Smart grid powerhouse Siemens may be trying to position itself as the Microsoft of microgrids, by shifting its focus from the hardware on the ground to the controllers that give the systems their intelligence.
“When a microgrid is viewed in terms of its controls, it’s less about what’s in the microgrid and more about what the microgrid can do,” Microgrid Knowledge reports. Strictly defined, a microgrid is about bringing together multiple sources of distributed generation within a defined geography, with the ability to “island” the entire system away from the central grid if necessary. “But the marketplace appears to have broadened its thinking and now puts simpler projects into the microgrid bucket,” writes Chief Editor Elisa Wood. “This is largely because customers want these less complex systems—such as solar-plus-storage—to have at least some microgrid capabilities.”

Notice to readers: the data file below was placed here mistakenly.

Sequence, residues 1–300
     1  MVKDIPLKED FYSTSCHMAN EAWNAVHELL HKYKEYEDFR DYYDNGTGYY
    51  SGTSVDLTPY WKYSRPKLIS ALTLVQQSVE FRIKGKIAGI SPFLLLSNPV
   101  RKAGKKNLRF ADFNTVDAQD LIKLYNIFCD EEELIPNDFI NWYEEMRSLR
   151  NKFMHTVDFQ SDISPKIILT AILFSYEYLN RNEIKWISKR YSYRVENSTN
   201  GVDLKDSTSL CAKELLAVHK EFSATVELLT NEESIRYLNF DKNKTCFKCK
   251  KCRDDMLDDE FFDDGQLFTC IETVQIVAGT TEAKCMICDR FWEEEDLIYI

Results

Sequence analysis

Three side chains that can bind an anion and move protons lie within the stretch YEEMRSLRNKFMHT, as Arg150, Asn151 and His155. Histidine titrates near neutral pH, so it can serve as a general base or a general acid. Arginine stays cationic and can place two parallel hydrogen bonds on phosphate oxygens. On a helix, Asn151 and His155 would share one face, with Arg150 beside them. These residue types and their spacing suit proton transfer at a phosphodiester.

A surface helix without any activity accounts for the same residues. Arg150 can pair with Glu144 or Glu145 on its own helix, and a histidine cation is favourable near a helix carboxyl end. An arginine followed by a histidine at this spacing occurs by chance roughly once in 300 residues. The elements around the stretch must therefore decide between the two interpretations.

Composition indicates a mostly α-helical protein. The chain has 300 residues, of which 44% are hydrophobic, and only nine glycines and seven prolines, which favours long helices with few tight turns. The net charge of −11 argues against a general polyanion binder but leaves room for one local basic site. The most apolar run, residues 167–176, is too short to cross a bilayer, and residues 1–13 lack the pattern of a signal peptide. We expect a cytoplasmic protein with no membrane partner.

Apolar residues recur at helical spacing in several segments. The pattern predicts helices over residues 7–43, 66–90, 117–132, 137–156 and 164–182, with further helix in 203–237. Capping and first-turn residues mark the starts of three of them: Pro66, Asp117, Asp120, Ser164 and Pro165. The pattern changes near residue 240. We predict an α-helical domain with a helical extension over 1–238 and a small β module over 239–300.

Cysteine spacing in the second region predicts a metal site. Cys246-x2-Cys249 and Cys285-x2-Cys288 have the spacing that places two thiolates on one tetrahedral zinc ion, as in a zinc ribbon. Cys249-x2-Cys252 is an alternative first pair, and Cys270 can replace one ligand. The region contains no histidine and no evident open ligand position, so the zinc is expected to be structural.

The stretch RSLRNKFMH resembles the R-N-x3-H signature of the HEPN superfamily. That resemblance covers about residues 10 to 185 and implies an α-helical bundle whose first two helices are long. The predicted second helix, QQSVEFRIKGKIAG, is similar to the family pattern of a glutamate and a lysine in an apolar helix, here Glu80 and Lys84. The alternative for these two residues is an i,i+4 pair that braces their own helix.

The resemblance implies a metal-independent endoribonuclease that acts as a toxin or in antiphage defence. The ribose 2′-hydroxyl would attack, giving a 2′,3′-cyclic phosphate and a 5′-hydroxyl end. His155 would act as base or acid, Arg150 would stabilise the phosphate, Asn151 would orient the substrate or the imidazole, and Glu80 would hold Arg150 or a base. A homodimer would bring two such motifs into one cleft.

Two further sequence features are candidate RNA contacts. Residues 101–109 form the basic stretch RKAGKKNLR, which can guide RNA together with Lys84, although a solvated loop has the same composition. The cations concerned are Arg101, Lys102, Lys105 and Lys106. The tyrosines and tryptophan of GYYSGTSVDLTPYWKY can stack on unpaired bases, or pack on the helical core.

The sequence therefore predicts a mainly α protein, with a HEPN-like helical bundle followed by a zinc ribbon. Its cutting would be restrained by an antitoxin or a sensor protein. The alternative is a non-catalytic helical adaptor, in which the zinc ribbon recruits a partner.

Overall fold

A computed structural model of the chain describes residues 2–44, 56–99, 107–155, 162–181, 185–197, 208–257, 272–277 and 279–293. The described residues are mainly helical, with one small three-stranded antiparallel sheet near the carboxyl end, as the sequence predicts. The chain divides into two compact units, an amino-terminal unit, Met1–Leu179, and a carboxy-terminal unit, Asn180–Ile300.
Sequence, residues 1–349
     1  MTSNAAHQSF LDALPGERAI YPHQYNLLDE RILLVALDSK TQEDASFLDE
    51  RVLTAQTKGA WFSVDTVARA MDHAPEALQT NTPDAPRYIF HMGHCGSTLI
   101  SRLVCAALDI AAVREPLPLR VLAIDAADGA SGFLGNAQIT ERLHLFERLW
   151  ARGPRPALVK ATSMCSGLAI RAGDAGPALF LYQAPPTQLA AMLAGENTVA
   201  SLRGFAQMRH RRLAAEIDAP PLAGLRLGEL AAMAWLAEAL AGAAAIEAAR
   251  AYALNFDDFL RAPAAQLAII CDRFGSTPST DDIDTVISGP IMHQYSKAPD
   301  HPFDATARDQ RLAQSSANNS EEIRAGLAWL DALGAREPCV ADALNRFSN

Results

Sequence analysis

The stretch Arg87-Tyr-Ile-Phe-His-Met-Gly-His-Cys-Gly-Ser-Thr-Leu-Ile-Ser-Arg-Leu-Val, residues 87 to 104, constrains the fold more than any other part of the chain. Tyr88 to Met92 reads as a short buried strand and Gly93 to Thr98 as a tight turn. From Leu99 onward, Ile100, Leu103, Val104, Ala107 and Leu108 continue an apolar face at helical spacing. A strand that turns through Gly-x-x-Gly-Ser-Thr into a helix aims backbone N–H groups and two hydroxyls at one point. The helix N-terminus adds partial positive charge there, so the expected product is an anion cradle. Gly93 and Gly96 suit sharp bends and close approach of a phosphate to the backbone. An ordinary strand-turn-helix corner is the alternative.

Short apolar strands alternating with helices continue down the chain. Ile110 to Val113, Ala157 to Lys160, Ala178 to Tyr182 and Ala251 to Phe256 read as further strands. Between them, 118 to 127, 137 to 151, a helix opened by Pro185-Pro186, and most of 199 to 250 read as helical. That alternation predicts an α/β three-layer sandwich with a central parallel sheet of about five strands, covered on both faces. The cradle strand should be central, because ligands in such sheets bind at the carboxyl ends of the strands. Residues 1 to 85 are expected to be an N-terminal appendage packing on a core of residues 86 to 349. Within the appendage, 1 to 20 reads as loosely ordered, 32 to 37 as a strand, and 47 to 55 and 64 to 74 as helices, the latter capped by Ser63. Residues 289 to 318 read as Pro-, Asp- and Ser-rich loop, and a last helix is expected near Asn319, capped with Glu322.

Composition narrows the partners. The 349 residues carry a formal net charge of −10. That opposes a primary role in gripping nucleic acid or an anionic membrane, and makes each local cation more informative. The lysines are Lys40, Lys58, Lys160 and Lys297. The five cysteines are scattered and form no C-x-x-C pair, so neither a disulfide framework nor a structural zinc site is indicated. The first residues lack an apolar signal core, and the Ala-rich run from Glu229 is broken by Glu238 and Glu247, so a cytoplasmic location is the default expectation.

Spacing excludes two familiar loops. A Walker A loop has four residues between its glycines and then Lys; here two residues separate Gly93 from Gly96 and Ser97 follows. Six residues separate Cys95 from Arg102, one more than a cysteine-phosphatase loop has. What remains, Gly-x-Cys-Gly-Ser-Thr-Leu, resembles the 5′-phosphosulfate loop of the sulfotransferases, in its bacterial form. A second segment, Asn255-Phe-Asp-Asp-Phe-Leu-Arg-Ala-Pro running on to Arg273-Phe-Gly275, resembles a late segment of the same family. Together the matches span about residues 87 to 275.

The wider definition might open up new opportunities for Siemens and a more important role for the technology, Wood writes. “Controls allow connection and disconnection from the grid. They can ‘optimize’ or constantly configure the most efficient and least expensive combination of their resources—including electricity from the grid—at any given moment. The controller does this with speed and automation not possible when a human is making the decisions.”
While Siemens hasn’t set out to redefine microgrids, Wood notes, its ideas are influential—and controllers are one of its major differentiators.
“Utilities are comfortable with what it is we are offering; they are comfortable with the software ahead of time,” said Clark Wiedetz, microgrid director for Siemens Energy Management. “Some of our competition offers one controller and then engineers a solution. We have a number of controllers that we can use, depending on the functionality and capability the customer is looking for.”